Google debuted two new cross-platform messaging apps at yesterday’s I/O kickoff: Allo, for text-based conversations augmented by search, and Duo for video calls.
They look like fine apps, aside from Allo’s poor security defaults — they might even be brilliant apps. But Casey Newton of the Verge points out why they’re always going to be flawed:
Three years ago, Google set out to fix its chaotic messaging strategy with a single app. This summer, getting the full Google messaging experience will mean downloading as many as four apps: Hangouts, Allo, Duo, and Google Messenger, for sending SMS messages on Android.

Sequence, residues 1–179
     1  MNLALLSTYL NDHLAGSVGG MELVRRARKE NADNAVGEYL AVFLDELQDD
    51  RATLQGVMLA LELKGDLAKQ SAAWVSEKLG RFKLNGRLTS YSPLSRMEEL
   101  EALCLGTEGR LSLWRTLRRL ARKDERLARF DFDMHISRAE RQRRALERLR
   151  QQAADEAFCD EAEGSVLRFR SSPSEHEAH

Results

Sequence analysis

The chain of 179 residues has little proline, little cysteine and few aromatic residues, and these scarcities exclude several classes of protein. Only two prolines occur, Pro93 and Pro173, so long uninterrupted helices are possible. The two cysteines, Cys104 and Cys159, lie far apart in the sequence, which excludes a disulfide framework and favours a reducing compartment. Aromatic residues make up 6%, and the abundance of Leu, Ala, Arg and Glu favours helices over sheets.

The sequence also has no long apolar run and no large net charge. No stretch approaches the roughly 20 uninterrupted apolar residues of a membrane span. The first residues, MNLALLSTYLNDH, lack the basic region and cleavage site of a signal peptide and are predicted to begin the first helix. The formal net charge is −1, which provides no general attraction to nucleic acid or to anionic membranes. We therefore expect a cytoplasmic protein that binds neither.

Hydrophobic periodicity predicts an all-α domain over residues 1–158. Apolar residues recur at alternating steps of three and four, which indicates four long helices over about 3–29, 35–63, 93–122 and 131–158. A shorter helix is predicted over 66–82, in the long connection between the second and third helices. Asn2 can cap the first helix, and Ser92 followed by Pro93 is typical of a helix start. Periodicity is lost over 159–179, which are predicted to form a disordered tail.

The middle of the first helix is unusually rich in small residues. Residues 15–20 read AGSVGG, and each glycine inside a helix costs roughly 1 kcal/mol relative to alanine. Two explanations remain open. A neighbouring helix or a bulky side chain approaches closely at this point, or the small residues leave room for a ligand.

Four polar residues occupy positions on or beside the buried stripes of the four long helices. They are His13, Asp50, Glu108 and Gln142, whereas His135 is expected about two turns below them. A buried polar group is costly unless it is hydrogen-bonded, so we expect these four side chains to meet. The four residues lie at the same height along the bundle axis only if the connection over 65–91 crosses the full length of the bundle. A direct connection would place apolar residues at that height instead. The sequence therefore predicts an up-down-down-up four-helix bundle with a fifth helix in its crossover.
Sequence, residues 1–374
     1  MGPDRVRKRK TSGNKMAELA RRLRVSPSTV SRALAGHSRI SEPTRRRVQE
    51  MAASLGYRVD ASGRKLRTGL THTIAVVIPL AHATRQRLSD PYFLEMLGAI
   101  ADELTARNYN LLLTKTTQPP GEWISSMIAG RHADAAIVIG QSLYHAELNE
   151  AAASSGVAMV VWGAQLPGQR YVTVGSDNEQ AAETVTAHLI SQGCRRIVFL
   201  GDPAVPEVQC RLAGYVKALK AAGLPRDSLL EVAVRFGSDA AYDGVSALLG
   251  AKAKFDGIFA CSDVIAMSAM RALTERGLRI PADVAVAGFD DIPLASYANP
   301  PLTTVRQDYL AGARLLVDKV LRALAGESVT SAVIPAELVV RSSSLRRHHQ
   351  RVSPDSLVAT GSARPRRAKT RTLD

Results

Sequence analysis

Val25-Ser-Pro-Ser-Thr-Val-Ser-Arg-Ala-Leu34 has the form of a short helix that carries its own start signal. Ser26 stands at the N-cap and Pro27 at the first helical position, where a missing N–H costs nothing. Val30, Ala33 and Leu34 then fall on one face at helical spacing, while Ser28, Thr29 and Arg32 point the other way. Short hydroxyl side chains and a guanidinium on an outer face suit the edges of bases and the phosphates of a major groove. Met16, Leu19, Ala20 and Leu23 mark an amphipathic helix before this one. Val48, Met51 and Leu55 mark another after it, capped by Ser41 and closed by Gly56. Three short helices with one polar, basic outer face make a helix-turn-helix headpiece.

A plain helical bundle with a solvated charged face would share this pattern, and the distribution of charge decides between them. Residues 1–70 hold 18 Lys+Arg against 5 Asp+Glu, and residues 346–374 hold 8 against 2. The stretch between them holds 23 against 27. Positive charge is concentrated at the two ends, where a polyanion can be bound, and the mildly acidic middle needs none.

That list doesn’t include Who’s Down, their quietly-released private chat app for meeting up with friends, nor does it include the text capabilities in Google Voice. All of these apps are currently being developed.
I don’t see why Google felt the need to separate chat functionality into six different apps. It’s overcomplicated and messy.